Baby Steps to Mastering the L-Sit Pull-Up
The L-sit pull-up is a much higher challenge compared to the ordinary pull-up exercise. It changes your center of gravity thus making it a little bit more difficult to execute. On the core strength, this exercise increases the challenge as well, especially for the lower abs. Because of its difficulty, this CrossFit exercise is great for learning and practicing proper dead-hang pull-up technique.
Compared to other difficult workouts, the L-sit pull-up is much easier to learn because it combines two main exercises which are pull-ups and the L-sit position. When you master these two exercises separately, putting them up together is much easier, and the below tips will help you do this.
Doing L-Sit Pull-Ups
While hanging from a pull-up bar with your shoulders packed down and elbows locked, get into a dead hang position. Then, raise your knees to a level where your thighs are parallel with the ground. Lock your knees and point your toes to extend your legs straight in front of you. While performing your pull-ups, maintain this L-sit position.
Before you start pulling yourself up the bar, exhale forcefully. The extent of your pull-up should be where your arms are fully flexed, your chin at or above the bar, and elbows behind your ribs. Pause there for a moment and then slowly lower yourself down until you get a full elbow lock. As you descend, inhale.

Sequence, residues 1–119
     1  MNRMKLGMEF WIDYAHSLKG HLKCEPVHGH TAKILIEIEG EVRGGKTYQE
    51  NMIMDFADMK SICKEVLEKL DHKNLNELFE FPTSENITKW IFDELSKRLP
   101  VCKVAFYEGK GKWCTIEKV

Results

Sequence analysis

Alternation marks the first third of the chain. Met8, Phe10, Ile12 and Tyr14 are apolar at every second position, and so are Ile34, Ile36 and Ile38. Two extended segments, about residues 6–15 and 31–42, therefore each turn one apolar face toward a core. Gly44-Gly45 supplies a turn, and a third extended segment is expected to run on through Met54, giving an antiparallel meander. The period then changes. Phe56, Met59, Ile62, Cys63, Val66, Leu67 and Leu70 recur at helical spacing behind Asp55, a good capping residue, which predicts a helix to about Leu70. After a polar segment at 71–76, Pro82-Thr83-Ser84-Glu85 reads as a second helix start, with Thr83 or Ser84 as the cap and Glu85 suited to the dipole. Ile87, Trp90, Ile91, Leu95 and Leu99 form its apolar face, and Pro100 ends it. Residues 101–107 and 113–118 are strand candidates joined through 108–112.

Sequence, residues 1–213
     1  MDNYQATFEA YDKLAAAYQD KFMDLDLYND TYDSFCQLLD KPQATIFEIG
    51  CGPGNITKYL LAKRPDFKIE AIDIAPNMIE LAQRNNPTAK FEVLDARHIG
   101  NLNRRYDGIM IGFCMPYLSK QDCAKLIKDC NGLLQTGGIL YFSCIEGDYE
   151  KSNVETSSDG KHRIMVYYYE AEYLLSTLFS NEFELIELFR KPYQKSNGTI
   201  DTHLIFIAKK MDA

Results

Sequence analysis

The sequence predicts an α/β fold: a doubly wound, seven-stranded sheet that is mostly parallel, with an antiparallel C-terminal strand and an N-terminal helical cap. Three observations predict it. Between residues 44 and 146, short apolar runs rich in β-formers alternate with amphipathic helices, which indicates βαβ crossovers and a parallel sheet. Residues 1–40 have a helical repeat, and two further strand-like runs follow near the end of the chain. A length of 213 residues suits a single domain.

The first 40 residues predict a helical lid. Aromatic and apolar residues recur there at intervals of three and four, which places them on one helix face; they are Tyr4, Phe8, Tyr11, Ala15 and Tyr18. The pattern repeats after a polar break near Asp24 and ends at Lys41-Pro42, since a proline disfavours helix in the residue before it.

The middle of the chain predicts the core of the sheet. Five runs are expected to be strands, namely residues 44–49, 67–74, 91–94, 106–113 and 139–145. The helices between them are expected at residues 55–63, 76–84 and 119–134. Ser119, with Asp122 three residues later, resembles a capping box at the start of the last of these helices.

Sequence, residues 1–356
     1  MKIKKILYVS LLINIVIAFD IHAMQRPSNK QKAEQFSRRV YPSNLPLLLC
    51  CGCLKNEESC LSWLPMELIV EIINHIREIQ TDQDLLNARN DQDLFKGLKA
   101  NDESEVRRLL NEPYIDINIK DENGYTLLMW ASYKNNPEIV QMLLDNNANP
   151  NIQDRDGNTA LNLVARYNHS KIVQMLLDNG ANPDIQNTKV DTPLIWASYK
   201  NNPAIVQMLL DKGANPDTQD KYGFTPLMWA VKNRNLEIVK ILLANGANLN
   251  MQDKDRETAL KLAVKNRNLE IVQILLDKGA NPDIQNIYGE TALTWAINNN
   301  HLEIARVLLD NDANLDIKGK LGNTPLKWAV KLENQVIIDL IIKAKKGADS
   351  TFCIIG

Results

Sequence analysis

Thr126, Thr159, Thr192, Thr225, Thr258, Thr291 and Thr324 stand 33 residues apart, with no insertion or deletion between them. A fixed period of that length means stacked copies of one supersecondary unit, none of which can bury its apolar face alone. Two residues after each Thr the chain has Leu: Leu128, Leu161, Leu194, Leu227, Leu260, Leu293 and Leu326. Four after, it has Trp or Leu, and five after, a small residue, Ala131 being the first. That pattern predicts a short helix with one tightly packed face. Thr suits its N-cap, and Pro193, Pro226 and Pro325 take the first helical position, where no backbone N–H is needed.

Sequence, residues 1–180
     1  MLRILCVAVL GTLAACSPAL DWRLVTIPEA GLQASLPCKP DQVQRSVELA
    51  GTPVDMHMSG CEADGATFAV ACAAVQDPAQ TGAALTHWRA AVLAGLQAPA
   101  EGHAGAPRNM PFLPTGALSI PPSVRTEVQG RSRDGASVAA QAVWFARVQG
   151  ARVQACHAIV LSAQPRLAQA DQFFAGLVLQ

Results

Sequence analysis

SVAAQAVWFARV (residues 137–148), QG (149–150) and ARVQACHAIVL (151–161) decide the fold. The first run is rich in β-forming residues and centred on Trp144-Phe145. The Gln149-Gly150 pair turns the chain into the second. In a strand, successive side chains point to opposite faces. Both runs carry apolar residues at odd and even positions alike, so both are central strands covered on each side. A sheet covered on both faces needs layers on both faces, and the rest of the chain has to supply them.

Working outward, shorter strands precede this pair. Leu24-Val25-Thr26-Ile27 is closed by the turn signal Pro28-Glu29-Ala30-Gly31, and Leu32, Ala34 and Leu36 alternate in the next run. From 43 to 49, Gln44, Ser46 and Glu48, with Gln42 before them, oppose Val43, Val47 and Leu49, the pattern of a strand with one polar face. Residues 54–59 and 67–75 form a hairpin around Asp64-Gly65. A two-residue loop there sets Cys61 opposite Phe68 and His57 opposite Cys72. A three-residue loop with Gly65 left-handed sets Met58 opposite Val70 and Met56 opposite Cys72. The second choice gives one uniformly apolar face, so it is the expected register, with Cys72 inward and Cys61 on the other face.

Tips for L-Sit Pull-Up Technique
With L-sit pull-ups, repetition speed and tempo are very important. Perform your reps slowly and under control always. Do not jerk or kip your way through the movement.
Do not allow your body to jerk down into the bottom dead hang position. Make the transition gradual and controlled so as to prevent shoulder and elbow problems.
When you initiate the L-sit pull-up with a strong exhale, make sure you contract your entire core musculature hard. Tuck your tailbone forward and roll your hips up with a slight abdominal crunch.
Squeeze your thighs and glutes as you keep your knees locked, and your toes pointed out.
The L-Sit Pull-Up Progression
Once you can do about 10 dead-hang pull-ups with good control and technique, you can now start L-sit pull-ups. This is how to work your way up to this phenomenal CrossFit workout.
Phase 1 –Here, you combine pull-ups with knee raises. Do at least 10 reps of hanging knee raises, 30-second hanging knee raise isometric hold, and 10 reps pull-ups with a hanging knee raise.
Phase 2 – In this phase, you combine pull-ups with knee raises. Do at least 10 reps of hanging leg raise, 30-second hanging leg raise isometric hold, 10 reps scap pull-ups with leg raise isometric hold and at least 10 reps pull-ups with a hanging leg raise.
The above progression is just an experiment because there are many other variations you can come up with yourself. The most important thing is to keep on challenging yourself progressively as you take on harder exercises.
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